What is Impingement Syndrome?
Impingement Syndrome, which is sometimes called Swimmer shoulder or Throwers Shoulder, is caused by the tendons of the rotator cuff (supraspinatus, infraspinatus, teres minor and subscapularis muscles) becoming irritated and inflamed as they pass through a narrow bony space called the Subacromial Space, so called because it is under the arch of the acromion. This can lead to thickening of the tendon which may cause further problems because there is very little free space, so as the tendons become larger, they are impinged further by the structures of the shoulder joint and the muscles themselves.
Impingement Syndrome in itself is not a diagnosis, it is a clinical sign. There are at least NINE different diagnoses which can cause impingement syndrome.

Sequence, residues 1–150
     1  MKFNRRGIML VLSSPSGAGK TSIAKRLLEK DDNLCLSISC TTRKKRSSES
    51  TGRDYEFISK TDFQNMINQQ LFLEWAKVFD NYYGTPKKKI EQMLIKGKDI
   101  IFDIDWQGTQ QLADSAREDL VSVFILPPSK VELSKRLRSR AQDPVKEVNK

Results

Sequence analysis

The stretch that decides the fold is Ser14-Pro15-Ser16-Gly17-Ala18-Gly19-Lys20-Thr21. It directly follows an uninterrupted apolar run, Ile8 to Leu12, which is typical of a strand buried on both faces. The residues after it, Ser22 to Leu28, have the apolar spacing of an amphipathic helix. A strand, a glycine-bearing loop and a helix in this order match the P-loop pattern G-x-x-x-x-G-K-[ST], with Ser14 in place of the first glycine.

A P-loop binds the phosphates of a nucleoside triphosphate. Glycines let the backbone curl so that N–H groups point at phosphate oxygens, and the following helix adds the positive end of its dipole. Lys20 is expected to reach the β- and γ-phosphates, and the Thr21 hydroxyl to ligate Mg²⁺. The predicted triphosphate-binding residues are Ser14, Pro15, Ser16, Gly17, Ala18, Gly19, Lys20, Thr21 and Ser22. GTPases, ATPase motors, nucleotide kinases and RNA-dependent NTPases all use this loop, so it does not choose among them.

The symptoms of impingement syndrome include pain at the front and/or side of the shoulder joint with overhead activity such as throwing, front crawl swimming and when the arm is held out to the side (abducted) and turned outwards (external rotation). Pain often eases as the arm reaches full flexion or abduction and is worst between 80 and 120 degrees - this is known as a painful arc. There is rarely a tender area to touch as the impingement occurs within the joint.
Treatment should initially focus on easing pain and inflammation with ice, rest and anti-inflammatory meds (check with your Doctor). After this, once pain is easing, address the factors which have caused the impingement. Poor posture, with rounded shoulders and winged scapula is a common cause. Stretching the chest muscles and strengthening the scapula stabilisors should help.ÃÂ
Ice packs or wraps for the shoulder are great for cooling the shoulder joint and its muscles and tendons, whilst also applying compression to reduce pain and swelling.